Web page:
Recursive Functions

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A definition that defines an object in terms of itself is said to be recursive. In computer science, recursion refers to a function or subroutine that calls itself, and it is a fundamental paradigm in programming. A recursive program is used for solving problems that can be broken down into sub-problems of the same type, doing so until the problem is easy enough to solve directly.


Fibonacci Numbers

A common recursive function that you’ve probably encountered is the Fibonacci numbers: 0, 1, 1, 2, 3, 5, 8, 13, and so on. That is, you get the next Fibonacci number by adding together the previous two. Mathematically, this is written as


Try finding f(10). No doubt, you have the correct answer, because you intuitively stopped when you reach $f(1)$ and $f(0)$. To be formal about this, we need to define when the recursion stops, called the base cases. The base cases for the Fibonacci function is $f(0)=1$, and $f(1)=1$. The typical way to write this function is as follows: $$f(N)=\cases{1 & if $N=0$\cr 1 & if $N=1$\cr f(N-1)+f(N-2) & if $N > 1$}$$

Here is a Python implementation of the Fibonacci function:

def Fibonacci(x):
  if (x == 0) return 0
  if (x == 1) return 1
  return Fibonacci(x-1) + Fibonacci(x-2)

(As a challenge to the reader: How could you implement the Fibonacci function without using recursion?)

Factorial Function

Consider the factorial function, $n! = N * (N-1) * ... * 1$, with 0! defined as having a value of 1. We can define this recursively as follows:

$$f(x)=\cases {1 & if $x=0$\cr x*f(x-1) & if $x\gt 0$\cr }$$

WIth this definition, the factorial of a negative number is not defined.

Here is a Python implementation of the factorial function:

def Factorial(x):
  if (x<=0) return 1
  return x*Factorial(x-1)

In the implementation above, the base case is listed as x<=0 rather than x<0 to return a value 1 when called with a negative number. Had the implementation been coded with <, then calling it with a negative number would lead the function never returning. This is called infinite recursion.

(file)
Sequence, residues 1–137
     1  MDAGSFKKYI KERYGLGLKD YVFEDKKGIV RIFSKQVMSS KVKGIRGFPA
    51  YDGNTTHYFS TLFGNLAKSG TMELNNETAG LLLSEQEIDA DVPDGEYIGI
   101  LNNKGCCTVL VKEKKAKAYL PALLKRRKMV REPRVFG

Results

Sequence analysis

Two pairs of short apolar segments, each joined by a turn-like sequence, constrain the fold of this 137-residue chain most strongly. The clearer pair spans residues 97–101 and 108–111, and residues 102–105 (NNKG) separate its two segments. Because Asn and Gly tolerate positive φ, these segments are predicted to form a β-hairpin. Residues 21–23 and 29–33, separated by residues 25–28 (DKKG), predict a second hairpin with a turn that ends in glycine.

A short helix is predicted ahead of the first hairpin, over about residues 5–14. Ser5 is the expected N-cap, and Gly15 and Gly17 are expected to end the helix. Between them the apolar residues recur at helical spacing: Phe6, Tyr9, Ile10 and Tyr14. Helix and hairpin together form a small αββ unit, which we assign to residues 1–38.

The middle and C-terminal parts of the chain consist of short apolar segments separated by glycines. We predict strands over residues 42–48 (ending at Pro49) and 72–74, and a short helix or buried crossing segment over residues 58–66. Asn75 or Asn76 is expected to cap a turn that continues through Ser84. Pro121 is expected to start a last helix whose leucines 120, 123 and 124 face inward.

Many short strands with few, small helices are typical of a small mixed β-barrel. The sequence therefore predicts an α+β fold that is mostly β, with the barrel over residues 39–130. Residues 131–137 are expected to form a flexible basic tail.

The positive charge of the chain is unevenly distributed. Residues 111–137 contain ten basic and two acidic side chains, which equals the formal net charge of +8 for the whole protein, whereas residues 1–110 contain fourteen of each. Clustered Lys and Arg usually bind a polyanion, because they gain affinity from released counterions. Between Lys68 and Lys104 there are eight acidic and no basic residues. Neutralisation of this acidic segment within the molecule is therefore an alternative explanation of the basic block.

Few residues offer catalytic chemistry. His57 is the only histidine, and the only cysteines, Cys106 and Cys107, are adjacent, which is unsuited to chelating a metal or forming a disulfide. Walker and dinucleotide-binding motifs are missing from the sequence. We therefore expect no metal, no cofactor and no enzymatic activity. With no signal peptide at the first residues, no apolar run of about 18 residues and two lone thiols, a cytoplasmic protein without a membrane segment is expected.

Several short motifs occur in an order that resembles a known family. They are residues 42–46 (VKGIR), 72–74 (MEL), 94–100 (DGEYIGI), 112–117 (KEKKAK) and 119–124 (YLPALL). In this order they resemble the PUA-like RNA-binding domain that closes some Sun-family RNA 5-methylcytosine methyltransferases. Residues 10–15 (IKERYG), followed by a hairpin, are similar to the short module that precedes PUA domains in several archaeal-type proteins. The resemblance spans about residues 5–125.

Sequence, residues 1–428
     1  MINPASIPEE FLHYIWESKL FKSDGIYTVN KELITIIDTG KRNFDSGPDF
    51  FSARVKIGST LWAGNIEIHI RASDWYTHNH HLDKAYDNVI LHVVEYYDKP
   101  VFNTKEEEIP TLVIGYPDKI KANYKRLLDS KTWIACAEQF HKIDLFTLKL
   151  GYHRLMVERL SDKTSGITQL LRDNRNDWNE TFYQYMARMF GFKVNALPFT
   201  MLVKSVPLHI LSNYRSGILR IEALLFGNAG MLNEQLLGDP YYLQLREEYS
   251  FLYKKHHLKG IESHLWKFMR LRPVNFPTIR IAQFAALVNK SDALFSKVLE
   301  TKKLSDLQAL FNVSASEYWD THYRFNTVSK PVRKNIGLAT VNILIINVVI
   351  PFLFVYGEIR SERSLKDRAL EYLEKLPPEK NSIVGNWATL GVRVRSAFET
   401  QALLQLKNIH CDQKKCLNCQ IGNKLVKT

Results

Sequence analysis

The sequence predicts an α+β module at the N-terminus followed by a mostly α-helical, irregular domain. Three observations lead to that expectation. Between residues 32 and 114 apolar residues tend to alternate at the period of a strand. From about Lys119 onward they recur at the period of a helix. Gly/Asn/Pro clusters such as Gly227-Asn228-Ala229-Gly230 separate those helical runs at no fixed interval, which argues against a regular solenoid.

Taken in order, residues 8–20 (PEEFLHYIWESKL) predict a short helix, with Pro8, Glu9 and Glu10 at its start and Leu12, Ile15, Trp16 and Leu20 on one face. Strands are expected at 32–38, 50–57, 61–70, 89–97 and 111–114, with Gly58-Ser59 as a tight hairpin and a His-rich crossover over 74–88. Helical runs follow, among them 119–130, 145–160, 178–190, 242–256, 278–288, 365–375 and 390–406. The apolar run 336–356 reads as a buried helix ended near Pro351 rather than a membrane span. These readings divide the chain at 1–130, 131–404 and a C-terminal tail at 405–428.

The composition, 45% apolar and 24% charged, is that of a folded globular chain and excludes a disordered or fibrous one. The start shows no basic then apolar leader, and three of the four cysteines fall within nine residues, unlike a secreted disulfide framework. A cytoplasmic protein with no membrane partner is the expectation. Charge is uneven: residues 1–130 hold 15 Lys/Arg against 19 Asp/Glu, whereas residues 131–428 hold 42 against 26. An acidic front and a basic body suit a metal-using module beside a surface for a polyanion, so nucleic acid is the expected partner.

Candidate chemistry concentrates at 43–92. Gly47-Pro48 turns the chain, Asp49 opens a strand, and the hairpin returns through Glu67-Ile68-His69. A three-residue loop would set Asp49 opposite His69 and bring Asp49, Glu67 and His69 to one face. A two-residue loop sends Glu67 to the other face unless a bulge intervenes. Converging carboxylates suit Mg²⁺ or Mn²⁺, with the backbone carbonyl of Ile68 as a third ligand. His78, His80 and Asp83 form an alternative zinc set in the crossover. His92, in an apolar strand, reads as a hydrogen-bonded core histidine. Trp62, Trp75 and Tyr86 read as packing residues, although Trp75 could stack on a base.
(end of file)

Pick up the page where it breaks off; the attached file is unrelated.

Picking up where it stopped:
Some Definitions

A few definitions: Indirection recursion is when a function calls another function which eventually calls the original function. For example, A calls B, and then, before function B exits, function A is called (either by B or by a function that B calls). Single recursion is recursion with a single reference to itself, such as the factorial example above. Multiple recursion, illustrated by the Fibonacci number function, is when a function has multiple self references.

Many beginning programmers have a tough time writing recursive programs. So if this is confusing to you, not to worry!

This ACSL category focuses on mathematical recursive functions rather than programming procedures; but you’ll see some of the latter.

Sample Problems

Online Resources


The following videos show the solution to problems that have appeared in previous ACSL contests.

Recursion Example 1 (CalculusNguyenify)

The video walks through the solution to a straight-forward single-variable recursive function, that is, $f(x)=\cases{....}$ The problem appeared in ACSL Senior Division Contest #1, 2014-2015.

Recursion Example 2 (CalculusNguyenify)

The video walks through the solution to a 2-variable recursive function, that is, $f(x,y)=\cases{....}$ . The problem appeared in ACSL Senior Division Contest #1, 2014-2015.

Recursive Functions ACSL Example Problem (Tangerine Code)

The video walks through the solution to a 2-variable recursive function, that is, $f(x,y)=\cases{....}$ .

Other Videos

The follow YouTube videos cover various aspects of this topic; they were created by authors who are not involved (or aware) of ACSL, to the best of our knowledge. Some of the videos contain ads; ACSL is not responsible for the ads and does not receive compensation in any form for those ads.